Daylight Savings - 10 Great Ways to Make Up for Lost Time
At 2:00 am on Sunday, March 14, 2021, clocks in all but two states will move forward one hour to 3:00 am. What this really means, in our household, is when we wake up at 10 am, immediately it’s 11:00 am and just like that, we lost an hour of the day. We could wait until November 7, 2021, to gain that hour back, but that seems a bit unrealistic. So…. while we just lost an hour, the good news is that we gained an hour of evening sunlight, literally overnight. What will you do with the extra hour of sunlight? Keep reading to find the 10 ways to make up for lost time and make up for lost time.
While you can stick to your routine and accept this hour of loss as a parent, you can also take FULL advantage of the hour of sunlight by making up the time in the sun with your family (keep in mind that on this first night when it is time for bed, your body may not be ready and you may find yourself becoming restless, and this restlessness can turn into sleep deprivation the following day). If sleep difficulties define you, be conscious and plan now for next Sunday:
- create a schedule that includes doing household chores or events an hour earlier;
- plan lunch and dinner and hour earlier;
- avoid doing the following in bed, watching TV, reading, or scrolling though social media during bedtime.
- For more tips on how to alleviate the switch, click here.
Putting into Practice - Daylight Savings
After taking care of your sleep concerns, you will want to jump start your body’s adaptation to its new circadian schedule by planning for a full day of activities that include both family time and personal time. I encourage you to look for ways to be active throughout the day physically and/or mentally. Of course, by this time of the year, we may get glimpses of spring arriving. So, here are 5 ways to make up for lost time and make the most of the sunshine and outdoors.
- This can include a hike,
- Shooting hoops or tossing a ball around,
- Going for a bicycle ride,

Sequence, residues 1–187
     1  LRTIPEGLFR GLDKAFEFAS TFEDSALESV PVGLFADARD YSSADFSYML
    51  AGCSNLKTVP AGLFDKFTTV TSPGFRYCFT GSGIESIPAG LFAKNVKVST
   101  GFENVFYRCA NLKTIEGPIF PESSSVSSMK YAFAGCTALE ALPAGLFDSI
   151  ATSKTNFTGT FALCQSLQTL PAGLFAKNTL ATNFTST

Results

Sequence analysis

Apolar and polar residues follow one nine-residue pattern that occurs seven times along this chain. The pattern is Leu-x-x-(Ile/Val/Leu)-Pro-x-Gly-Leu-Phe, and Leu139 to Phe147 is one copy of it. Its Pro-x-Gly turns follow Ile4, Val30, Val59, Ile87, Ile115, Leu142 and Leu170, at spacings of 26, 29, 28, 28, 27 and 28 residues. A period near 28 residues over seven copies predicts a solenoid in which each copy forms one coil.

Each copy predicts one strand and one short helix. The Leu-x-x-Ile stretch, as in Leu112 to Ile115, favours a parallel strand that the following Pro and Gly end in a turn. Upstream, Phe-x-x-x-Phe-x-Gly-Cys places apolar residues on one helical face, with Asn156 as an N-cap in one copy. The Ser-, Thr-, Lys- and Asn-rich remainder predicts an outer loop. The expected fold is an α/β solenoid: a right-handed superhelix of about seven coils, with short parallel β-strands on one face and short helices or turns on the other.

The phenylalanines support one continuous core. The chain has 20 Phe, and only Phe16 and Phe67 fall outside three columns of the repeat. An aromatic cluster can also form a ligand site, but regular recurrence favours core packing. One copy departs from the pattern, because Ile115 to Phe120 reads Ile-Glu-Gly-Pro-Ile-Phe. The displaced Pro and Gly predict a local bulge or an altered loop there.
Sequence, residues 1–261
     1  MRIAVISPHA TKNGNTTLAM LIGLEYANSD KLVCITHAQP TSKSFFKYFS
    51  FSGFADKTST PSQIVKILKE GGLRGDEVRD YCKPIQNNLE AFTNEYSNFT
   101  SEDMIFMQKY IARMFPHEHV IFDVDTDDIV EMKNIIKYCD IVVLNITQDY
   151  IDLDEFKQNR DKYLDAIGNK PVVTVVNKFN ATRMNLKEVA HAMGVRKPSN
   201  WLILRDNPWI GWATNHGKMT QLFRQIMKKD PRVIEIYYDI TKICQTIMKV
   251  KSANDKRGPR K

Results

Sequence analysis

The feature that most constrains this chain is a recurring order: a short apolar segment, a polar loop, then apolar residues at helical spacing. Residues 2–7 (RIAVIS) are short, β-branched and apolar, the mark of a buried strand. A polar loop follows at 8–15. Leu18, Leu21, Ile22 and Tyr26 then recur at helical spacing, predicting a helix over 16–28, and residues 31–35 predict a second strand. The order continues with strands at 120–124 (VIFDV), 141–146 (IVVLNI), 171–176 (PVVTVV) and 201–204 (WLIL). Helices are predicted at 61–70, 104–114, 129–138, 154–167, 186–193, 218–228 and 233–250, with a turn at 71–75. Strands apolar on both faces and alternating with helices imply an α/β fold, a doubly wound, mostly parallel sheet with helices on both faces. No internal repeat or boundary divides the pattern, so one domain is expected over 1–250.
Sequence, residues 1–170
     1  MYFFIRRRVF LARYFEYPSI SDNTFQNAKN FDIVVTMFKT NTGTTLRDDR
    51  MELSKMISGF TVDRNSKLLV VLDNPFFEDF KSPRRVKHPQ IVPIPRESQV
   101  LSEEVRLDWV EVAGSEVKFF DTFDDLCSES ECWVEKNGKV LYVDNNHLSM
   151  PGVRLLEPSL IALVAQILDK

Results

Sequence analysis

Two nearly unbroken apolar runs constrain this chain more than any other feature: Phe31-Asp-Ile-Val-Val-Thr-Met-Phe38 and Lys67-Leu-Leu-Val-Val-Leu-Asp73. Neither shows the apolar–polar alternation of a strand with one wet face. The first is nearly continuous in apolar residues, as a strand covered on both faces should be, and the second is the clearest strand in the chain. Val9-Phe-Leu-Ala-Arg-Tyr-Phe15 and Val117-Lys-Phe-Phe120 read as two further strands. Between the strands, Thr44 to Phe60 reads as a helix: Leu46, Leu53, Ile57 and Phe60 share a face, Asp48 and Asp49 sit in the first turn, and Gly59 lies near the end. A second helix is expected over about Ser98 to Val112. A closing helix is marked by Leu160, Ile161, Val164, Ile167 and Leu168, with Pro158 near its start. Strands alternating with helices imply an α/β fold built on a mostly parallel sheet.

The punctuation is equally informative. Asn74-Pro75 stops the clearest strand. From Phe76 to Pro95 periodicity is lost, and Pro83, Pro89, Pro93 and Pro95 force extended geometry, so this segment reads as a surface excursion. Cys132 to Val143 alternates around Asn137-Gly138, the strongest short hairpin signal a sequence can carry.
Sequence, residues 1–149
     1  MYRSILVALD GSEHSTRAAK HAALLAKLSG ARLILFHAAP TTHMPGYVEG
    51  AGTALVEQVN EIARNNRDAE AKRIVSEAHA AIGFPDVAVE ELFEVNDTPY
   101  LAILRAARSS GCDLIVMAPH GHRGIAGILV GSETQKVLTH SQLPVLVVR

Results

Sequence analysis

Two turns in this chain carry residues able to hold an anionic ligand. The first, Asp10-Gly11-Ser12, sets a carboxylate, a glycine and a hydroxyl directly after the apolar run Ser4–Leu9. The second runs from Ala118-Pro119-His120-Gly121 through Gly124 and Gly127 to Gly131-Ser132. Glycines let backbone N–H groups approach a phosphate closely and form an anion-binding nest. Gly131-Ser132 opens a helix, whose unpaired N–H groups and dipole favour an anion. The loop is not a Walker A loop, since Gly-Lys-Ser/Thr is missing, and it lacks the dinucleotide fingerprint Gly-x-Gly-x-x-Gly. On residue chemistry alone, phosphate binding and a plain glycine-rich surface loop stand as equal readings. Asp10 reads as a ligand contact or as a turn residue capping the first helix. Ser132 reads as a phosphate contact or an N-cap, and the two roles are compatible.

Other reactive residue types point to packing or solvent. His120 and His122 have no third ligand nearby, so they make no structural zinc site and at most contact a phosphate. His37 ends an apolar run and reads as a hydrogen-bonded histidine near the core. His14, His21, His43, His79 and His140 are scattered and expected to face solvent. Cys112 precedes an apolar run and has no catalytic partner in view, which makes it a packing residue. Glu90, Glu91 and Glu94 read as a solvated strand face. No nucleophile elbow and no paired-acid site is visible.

- A long walk to a friend’s house, or
- A jump start on spring cleaning.
For our indoor inhabitants, here are 5 more ways to make up for lost time by making the best of the sunshine. This can include
- Playing a game,
- Doing a 1000 or more-piece puzzle,
- Working on crossword puzzles
- Downloading an app for the family to learn a new language, or
- Finally cleanout the attic, basement, or closet of relics.
Keep in mind, these ideas were generated with the notion of spending time with your family while jump starting the reconditioning of your mind and body.
So, break out of your typical mold and engage in an activity that is out of the norm. Remember, the intention is to stretch and challenge your mind and body, and in return, your mind and body will ease into a new bedtime routine that engages your body into a full deep sensation of relaxation. To support and ease your child’s bedtime routine, engage in a bedtime story or discussion about the day’s events.
I hope you feel accomplished and satisfied regarding the time you spent with your family and for squeezing an “extra” hour from a 23-hour day. Who knows, this can become a new family tradition which may included staying in bed an extra hour on November 7, watching an extra movie or an episode of your favorite television series.
Testing the Theory of Daylight Savings
To test my hypothesis, I asked my 11-year-old daughter, “How would you like to make up for losing an hour of the day?” Her response was simple, she said, “I’m hungry.” It was in fact lunchtime when I asked and my lesson learned, never to ask my daughter questions during lunch time. An hour later and with a full belly, I asked her a second time how she would like to make up for losing an hour of the day. To my surprise, she had similar thoughts which included doing a puzzle, bike reading or hiking. She later recanted her idea about hiking but that is another story.
I posed the same question, “how would you like to make up for losing an hour of the day”, to my soon-to-be 14-year-old son. Without thinking, he suggested playing video games (how did I not see that response?). After pressing him a bit more, he gave an answer that just proves I have a lot of work ahead of me; he said “IDK”. Seriously, he used the initials and the only thing worse than hearing a kid say “I don’t know” is hearing them use the abbreviated version. Maybe an abbreviated I don’t know to “IDK” is a good thing when we lose an hour – not sure. But it is moments like this when I gladly get to exercise my power to issue executive orders and press for a response.
Regardless, whether everyone is all in or not, is a story for another time. For now, I’ll put into play, “Daddy knows best” philosophy and find ways to make up for lost time. Despite any lack of enthusiasm from my children, we will push forward. This will not stop my wife and I for creating the ground work for creating new memories. Hopefully, when our kids become parents, they will look back with fond memories on days of just simply “eating” and “playing video games”. At this point, it doesn’t matter. The focus of the article is not to present original ideas on how to make the most of a 23-hour day but rather plan ahead on how to make the most of a 23-hour day.
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